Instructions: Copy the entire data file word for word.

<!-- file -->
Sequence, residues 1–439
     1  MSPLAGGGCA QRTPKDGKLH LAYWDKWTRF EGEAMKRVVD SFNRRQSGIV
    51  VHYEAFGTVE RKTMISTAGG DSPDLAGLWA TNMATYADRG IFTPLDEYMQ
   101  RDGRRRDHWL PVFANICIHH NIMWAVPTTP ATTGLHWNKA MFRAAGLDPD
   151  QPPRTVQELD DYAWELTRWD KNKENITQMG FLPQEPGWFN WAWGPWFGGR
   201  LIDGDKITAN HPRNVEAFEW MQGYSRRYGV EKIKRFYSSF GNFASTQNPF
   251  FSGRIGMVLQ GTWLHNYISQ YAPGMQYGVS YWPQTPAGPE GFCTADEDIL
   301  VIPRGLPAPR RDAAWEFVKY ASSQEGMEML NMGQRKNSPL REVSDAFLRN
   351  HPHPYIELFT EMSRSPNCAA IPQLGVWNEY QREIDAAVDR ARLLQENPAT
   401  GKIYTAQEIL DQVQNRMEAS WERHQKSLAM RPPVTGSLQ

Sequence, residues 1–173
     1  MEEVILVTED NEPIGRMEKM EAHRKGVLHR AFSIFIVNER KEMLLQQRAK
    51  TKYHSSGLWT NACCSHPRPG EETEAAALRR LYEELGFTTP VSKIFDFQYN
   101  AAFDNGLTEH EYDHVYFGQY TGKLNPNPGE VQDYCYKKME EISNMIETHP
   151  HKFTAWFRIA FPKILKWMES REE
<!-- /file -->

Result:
Sequence, residues 1–439
     1  MSPLAGGGCA QRTPKDGKLH LAYWDKWTRF EGEAMKRVVD SFNRRQSGIV
    51  VHYEAFGTVE RKTMISTAGG DSPDLAGLWA TNMATYADRG IFTPLDEYMQ
   101  RDGRRRDHWL PVFANICIHH NIMWAVPTTP ATTGLHWNKA MFRAAGLDPD
   151  QPPRTVQELD DYAWELTRWD KNKENITQMG FLPQEPGWFN WAWGPWFGGR
   201  LIDGDKITAN HPRNVEAFEW MQGYSRRYGV EKIKRFYSSF GNFASTQNPF
   251  FSGRIGMVLQ GTWLHNYISQ YAPGMQYGVS YWPQTPAGPE GFCTADEDIL
   301  VIPRGLPAPR RDAAWEFVKY ASSQEGMEML NMGQRKNSPL REVSDAFLRN
   351  HPHPYIELFT EMSRSPNCAA IPQLGVWNEY QREIDAAVDR ARLLQENPAT
   401  GKIYTAQEIL DQVQNRMEAS WERHQKSLAM RPPVTGSLQ

Sequence, residues 1–173
     1  MEEVILVTED NEPIGRMEKM EAHRKGVLHR AFSIFIVNER KEMLLQQRAK
    51  TKYHSSGLWT NACCSHPRPG EETEAAALRR LYEELGFTTP VSKIFDFQYN
   101  AAFDNGLTEH EYDHVYFGQY TGKLNPNPGE VQDYCYKKME EISNMIETHP
   151  HKFTAWFRIA FPKILKWMES REE